Banking revenues and costs - correct settlement in the KPiR


Banking income and expenses associated with running a business account are usually not large amounts per year. However, opening and running a company bank account, especially among novice entrepreneurs, may raise some doubts. Invoices are not used in recording banking revenues and costs recognized in the KPiR. Read the article and find out what we count as banking income and costs related to running a business account and how to properly document them!

Banking income - what do we include?

Banking revenues related to running a company account are benefits that are associated primarily with:

  • interest on funds accumulated in the bank account and deposits,

  • revenues from loyalty programs,

  • receipts from money back services (also known as cash back), which consist in the bank returning a part of funds from transactions carried out with a payment card.

The document confirming the creation of bank revenues is the bank statement, which shows the amount of interest and funds accumulated on the account. Banking revenues should be included in column 8 of the KPiR as other revenues.

Banking costs - what do we include?

The tax-deductible costs related to running a bank account by entrepreneurs include, among others:

  • account maintenance fees,

  • transfer fees (e.g. express transfer, foreign transfer),

  • payment card fees,

  • commissions for withdrawals at ATMs belonging to other banks or cash withdrawals abroad,

  • additional fees (e.g. for a paper account statement),

  • commissions for currency transactions.


Pursuant to Art. 22 sec. 1 of the Personal Income Tax Act, deductible costs are the costs incurred in order to achieve income, maintain or secure the source of income, with the exception of the costs listed in Art. 23. Therefore, in order to include expenses as tax costs, they must be:

  • actually incurred,

  • properly documented,

  • relate to the income obtained by the taxpayer.

All bank charges should be included in column 13 of the KPiR as other expenses.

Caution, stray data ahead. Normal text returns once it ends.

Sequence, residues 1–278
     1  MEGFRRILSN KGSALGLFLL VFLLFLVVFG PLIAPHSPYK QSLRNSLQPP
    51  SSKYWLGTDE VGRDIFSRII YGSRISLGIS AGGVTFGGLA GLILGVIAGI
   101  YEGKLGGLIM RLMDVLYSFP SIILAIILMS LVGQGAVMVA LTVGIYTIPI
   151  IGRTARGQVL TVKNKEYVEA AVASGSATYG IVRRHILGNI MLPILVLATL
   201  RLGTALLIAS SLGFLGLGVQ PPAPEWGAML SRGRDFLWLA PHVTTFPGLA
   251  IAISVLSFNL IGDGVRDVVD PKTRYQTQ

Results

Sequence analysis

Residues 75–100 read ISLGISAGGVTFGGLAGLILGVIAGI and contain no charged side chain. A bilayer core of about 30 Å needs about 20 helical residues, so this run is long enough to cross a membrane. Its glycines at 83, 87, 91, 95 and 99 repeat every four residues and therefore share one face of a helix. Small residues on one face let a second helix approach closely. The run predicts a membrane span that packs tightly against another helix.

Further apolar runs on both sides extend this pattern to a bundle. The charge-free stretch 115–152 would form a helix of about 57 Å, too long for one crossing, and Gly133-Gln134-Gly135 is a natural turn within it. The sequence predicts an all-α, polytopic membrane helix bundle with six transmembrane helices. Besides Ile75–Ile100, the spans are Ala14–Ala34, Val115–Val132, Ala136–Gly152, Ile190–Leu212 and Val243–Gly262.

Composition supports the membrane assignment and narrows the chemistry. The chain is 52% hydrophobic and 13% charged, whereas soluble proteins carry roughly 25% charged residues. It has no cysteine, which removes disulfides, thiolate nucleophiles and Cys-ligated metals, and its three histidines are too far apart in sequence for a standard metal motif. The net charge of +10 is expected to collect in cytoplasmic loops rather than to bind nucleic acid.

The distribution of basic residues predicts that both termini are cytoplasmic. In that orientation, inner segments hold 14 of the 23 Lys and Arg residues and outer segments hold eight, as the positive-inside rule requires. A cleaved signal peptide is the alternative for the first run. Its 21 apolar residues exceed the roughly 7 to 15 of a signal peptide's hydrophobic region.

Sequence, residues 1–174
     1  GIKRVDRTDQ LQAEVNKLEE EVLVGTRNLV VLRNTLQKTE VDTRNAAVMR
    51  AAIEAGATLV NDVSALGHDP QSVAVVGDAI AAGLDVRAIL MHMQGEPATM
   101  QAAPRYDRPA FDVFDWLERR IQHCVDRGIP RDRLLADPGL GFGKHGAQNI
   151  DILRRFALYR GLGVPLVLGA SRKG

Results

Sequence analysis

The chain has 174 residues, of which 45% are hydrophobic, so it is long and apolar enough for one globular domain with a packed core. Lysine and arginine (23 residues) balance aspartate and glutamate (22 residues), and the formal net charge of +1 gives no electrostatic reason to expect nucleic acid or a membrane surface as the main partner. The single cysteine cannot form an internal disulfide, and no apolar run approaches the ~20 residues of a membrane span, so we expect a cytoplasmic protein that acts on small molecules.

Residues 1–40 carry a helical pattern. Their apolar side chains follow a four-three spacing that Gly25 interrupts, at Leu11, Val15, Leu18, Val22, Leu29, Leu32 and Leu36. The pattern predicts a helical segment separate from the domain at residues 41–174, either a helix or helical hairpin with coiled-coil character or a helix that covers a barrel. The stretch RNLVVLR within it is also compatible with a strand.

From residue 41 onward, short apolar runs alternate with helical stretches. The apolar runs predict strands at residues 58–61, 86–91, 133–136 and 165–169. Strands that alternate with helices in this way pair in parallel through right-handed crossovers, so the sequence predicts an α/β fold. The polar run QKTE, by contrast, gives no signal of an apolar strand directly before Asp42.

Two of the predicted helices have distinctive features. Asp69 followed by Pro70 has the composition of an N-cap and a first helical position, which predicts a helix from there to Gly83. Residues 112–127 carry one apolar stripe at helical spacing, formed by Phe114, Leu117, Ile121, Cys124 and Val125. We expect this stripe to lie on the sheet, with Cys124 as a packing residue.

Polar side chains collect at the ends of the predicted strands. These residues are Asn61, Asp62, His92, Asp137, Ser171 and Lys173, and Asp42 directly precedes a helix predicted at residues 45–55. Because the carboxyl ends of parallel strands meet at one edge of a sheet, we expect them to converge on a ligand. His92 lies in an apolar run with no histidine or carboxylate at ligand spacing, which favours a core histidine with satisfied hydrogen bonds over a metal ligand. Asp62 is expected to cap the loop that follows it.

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How to document banking income and expenses?

Banking income and expenses related to running a business account must be properly documented. In this case, no VAT invoices are required. Relevant documents that are sufficient to recognize bank charges as tax deductible costs are bank statements or confirmations of certain transactions, which include the amount of the charges and their purpose, e.g. details of the account owner, transaction date and transaction details. It does not matter what costs and revenues are mentioned. These can be both fixed or one-time commissions and fees, as well as interest income on savings accounts.


Entrepreneurs using one bank account for private and business purposes must remember that they can only settle expenses related to running their business. It should be ensured that commissions and fees related to private transactions are kept separate from those related to corporate matters.

Is the money back service really tax revenue?

The money back service is a relatively new financial service, therefore it may raise some kind of doubts. According to the banks, this service is a bonus sale and in accordance with Art. 21 sec. 1 point 68 of the Personal Income Tax Act, up to the amount of PLN 760 exempt from tax. However, tax authorities often have a different opinion, claiming that for the entrepreneur this service is income from other sources and is subject to taxation.

The tax exemption of awards related to bonus sales of goods or services does not apply to awards received by the taxpayer in connection with his non-agricultural activity, constituting income from this activity. Therefore, if the taxpayer receives money from the money back service, he should independently consider it as income, regardless of whether it exceeds the amount of PLN 760 or falls within the amount limited by this limit.